2. Choose a writing sample that exemplifies your best work.   The paper need not come from a political science class, but should be a research paper that demonstrates your ability to synthesize and analyze arguments and evidence.
  3. Ask letter writers who can write you a strong letter of recommendation and speak to your potential as a graduate student.  To this end, letters from faculty members with whom you have worked will be more informative than letters from non-academics.  For example, the your GPA and GRE is not a perfect indicator of your potential as a student, and your letter writers can help us place these scores in context to you.


What funding opportunities are available?

Funding is available to a select group of Ph.D. students that includes a monthly stipend for your living expenses, tuition remission for full-time enrollment in coursework, and health insurance.  Funding is determined through a competitive process.  In general, there are two types of funding:

  1. Graduate Assistantships:  These are provided by the College of Liberal Arts and the Department allocates assistantships each year.   In return for the assistantship, students serve as Teaching Assistants, Research Assistants, or as Instructors of Record.
  2. University Fellowships: These are allocated each year by the central Graduate School.  To be considered for a University Fellowship, you must submit your application by the December 1 deadline, as these decisions are made early in the year.  University Fellows receive funding in their first and fourth years and are not expected to serve as a Teaching Assistant or Research Assistant; the stipend is also a bit higher than the graduate assistantships stipend.  In their second and third years, University Fellows who remain in good standing can expect to receive a graduate assistantship (see above).

Students who receive assistantships must remain in good standing within the department in order to be considered for continued funding.  Funded students are also expected to take a full course load (9 credit hours prior to passing exams and 1 credit afterwards).

Once admitted, students may also be able to obtain funding by serving as a Research Assistant on an external grant obtained by a faculty member or through a University research center.  However, these types of funding are more ad hoc and less regular than the assistantships and fellowships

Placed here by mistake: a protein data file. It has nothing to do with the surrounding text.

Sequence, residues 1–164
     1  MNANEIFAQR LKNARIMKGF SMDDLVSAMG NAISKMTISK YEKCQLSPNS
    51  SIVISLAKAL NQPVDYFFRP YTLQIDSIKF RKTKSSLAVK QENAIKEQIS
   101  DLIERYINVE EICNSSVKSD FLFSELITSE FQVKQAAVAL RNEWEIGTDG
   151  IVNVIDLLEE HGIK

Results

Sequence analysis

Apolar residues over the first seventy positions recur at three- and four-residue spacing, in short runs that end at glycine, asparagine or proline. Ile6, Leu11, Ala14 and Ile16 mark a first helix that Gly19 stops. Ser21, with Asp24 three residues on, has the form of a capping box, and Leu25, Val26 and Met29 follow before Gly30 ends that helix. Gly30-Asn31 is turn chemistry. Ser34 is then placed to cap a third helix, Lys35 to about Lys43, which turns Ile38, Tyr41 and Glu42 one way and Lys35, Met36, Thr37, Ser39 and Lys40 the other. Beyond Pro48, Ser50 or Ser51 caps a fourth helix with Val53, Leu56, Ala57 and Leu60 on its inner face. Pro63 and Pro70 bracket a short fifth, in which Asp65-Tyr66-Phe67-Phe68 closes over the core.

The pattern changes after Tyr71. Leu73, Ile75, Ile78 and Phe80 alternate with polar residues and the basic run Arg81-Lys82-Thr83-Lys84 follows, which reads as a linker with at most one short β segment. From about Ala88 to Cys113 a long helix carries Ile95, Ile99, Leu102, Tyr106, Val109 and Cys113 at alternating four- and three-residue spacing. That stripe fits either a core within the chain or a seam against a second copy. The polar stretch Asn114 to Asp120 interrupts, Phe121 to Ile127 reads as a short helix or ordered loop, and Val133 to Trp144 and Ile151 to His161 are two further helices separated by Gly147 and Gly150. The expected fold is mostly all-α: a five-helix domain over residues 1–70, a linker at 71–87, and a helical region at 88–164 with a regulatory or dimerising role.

I’m applying to the Master’s program, can I receive funding?

Unfortunately, funding is only available for Ph.D. students.

If I am admitted, but do not receive funding, how much does tuition cost?

Tuition can vary from year to year.  For current rates click here.

What are the requirements for the M.A. degree?

Current requirements can be found by clicking here.


What are the requirements for the Ph.D. degree?

Current requirements can be found by clicking here.


How many classes do I have to take each semester to be a full-time student?

While students are actively taking classes (i.e. before taking comprehensive exams), a full course load in a semester is 9 credit hours or 3 courses.  Students on assistantship have the option of taking 6 credit hours, but are strongly encouraged to take a full load in order to finish the Ph.D. on time and maximize the benefits of funding.

If I am admitted, can I start in the spring semester?

No.  Students must begin in the fall semester.

If I am admitted, can I defer my admissions?

Yes, but only for one year.  If you wish to defer your admissions by more than one year, you must reapply.  Moreover, if you received an assistantship, you will be re-entered into the potential funding pool and there is no guarantee that you will be awarded funding for the next year.   If you wish to defer your admission, you must notify the Director of Graduate Studies in writing and receive permission.

Where can I get a detailed description of the program?

The Political Science Graduate Student Handbook has a complete description of the program, requirements, and funding. Click here for the Graduate Student Handbook.